In a way, football is a sport of the mind as much as it is of the body. Football thrives on creating and exploiting space for yourself and for others. A successful tactic finds ways to generate space where there was thought to be none. This objective can be achieved by patiently passing the ball around, by hoofing the ball forward to a big guy, by stretching the opposition until holes appear, by immediately counter-attacking once the ball is won or in a dozen other and distinctive ways. The fact remains that every tactic exploits space somehow.
The match engine of Football Manager is no different than an actual football match in terms of tactics, the key to creating a successful tactic is finding a way to generate and exploit space for your team, whilst simultaneously restricting the space the opposition gets. Every version of the match engine has its weaknesses, a specific tactic or approach that is overpowered, a bit too effective. In FM16 you could score for fun just by launching a barrage of crosses into the penalty area, CM03/04 had its Diablo tactic with the insanely effective central midfielder scoring for fun and in the 17.2 match engine you have another example of this tactical kryptonite; the inverted wingback.
Since the introduction of Pep Guardiola to the Premier League, the concept of an inverted wingback is becoming less and less alien to the larger masses. On a basic level, the inverted wingback is a right-footed defender playing on the left side, or vice versa. These talented all-rounders are important both offensively and defensively. They are tasked with surging forward and bolstering the offensive movements of the team as well as protecting the flank of the defensive line. This implies a broad technical skill-set, a strong physique and the mental ability to make the right decision based on the situation a player is in.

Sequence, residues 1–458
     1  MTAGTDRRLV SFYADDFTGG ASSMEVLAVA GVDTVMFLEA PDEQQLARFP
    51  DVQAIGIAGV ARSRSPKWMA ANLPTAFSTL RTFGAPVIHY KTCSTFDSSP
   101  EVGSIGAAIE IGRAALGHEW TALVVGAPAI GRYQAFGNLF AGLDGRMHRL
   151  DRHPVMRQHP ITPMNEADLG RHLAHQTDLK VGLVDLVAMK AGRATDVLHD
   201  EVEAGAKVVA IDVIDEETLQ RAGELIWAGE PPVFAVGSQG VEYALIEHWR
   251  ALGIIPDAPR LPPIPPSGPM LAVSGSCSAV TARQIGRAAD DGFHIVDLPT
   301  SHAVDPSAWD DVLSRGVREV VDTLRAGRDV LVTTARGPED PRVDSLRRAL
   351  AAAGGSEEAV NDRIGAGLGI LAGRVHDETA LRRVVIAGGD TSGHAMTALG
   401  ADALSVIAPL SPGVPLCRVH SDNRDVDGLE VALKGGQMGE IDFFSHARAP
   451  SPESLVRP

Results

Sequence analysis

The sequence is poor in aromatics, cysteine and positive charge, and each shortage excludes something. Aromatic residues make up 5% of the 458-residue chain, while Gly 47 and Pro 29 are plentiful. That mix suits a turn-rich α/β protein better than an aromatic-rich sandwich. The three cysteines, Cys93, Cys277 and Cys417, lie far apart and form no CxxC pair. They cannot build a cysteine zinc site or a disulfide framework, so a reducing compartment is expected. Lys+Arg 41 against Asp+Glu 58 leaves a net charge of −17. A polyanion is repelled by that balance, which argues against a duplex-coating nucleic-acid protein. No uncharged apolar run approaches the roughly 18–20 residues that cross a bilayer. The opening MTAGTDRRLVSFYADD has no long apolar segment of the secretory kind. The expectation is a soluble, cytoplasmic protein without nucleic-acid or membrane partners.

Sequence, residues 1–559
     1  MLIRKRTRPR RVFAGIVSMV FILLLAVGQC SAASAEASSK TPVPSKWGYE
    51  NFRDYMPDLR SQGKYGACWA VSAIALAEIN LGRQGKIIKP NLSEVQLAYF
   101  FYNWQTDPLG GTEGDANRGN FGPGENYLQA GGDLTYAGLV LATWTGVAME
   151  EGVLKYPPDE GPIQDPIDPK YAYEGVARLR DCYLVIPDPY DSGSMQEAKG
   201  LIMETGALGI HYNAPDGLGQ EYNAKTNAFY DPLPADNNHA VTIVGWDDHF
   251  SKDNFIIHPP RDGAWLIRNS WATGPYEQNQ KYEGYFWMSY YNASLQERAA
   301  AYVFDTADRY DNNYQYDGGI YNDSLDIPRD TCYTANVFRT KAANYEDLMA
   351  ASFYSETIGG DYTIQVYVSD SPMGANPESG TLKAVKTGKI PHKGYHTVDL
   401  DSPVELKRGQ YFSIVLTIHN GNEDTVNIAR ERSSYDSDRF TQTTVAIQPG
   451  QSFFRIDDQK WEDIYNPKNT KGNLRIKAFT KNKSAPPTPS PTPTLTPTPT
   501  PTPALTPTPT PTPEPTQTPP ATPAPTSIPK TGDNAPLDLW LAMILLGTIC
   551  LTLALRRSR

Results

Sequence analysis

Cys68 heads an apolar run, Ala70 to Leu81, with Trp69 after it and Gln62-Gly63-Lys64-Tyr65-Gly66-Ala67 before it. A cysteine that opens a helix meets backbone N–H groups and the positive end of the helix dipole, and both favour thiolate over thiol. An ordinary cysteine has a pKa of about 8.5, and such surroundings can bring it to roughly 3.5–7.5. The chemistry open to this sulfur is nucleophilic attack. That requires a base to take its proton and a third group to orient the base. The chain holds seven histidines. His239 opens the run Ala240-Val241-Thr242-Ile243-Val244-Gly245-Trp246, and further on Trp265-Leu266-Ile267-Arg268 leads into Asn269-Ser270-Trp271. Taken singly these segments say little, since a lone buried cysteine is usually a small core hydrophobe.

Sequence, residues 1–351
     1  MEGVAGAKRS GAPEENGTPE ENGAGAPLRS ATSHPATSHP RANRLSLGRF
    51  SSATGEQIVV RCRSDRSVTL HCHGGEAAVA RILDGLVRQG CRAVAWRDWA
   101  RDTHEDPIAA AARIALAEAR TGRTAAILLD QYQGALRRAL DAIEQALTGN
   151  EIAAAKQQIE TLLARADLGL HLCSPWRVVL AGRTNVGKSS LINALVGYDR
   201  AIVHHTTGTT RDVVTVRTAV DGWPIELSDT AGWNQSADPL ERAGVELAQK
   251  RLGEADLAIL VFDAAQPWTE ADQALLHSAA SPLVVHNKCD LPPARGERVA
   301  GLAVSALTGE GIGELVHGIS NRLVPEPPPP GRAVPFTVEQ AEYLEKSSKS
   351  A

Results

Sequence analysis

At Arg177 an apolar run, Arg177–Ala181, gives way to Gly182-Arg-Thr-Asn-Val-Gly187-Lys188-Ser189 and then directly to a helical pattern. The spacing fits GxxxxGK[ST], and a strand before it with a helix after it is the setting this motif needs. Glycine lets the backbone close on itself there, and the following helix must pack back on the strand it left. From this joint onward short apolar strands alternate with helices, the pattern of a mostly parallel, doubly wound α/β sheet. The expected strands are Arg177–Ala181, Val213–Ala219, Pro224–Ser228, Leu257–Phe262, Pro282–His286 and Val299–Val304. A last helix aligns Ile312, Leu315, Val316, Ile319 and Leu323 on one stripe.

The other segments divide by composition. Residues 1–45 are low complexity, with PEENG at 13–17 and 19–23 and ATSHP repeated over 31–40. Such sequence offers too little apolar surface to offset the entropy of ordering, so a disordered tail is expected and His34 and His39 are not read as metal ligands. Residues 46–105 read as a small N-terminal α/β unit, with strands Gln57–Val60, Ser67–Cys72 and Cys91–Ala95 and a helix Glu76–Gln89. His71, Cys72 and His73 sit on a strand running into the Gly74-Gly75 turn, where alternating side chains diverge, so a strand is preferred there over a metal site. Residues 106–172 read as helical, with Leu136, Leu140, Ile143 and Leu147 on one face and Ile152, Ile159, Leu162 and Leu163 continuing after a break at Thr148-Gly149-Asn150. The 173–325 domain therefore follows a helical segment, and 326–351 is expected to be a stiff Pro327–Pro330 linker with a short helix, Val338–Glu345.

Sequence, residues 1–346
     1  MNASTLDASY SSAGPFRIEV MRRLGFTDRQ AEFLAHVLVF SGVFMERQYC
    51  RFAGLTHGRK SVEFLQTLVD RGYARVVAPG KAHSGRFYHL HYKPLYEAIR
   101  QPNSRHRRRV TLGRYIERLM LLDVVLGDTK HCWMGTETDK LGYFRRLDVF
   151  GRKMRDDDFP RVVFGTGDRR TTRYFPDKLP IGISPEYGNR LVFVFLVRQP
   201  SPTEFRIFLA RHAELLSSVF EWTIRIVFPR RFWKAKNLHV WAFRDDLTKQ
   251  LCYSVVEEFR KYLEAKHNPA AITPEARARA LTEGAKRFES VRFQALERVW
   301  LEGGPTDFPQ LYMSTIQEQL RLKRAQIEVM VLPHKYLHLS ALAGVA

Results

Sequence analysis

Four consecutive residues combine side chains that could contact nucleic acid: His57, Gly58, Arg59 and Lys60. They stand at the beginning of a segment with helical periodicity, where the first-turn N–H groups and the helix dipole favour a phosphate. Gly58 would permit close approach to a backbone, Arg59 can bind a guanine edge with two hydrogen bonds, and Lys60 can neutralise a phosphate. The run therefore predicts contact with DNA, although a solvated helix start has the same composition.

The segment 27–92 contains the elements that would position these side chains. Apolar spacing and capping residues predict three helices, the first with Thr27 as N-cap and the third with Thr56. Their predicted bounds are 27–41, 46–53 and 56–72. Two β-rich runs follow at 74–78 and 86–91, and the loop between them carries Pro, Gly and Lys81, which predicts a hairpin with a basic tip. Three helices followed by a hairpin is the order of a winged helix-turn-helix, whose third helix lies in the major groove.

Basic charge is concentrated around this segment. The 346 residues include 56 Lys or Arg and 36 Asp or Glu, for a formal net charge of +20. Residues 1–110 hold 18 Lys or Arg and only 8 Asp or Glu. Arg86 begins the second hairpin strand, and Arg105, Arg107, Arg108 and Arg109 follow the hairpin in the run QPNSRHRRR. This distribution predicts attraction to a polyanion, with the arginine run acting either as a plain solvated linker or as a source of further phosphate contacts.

So far, there is not much difference between the inverted wingback and some of the standard bearers from the modern era of the wingback, men like Roberto Carlos and Cafú. Much like these men, the inverted wingback is relied upon for his attacking threat as much as their defensive capabilities. The difference between a traditional wingback and an inverted one lies within their positional play on the pitch. Whilst a normal wingback will generally offer width to an attack, the inverted wingback will make runs through the centre of the pitch, creating space for numerous players around him.
To illustrate my point somewhat, have a peek at this match clip.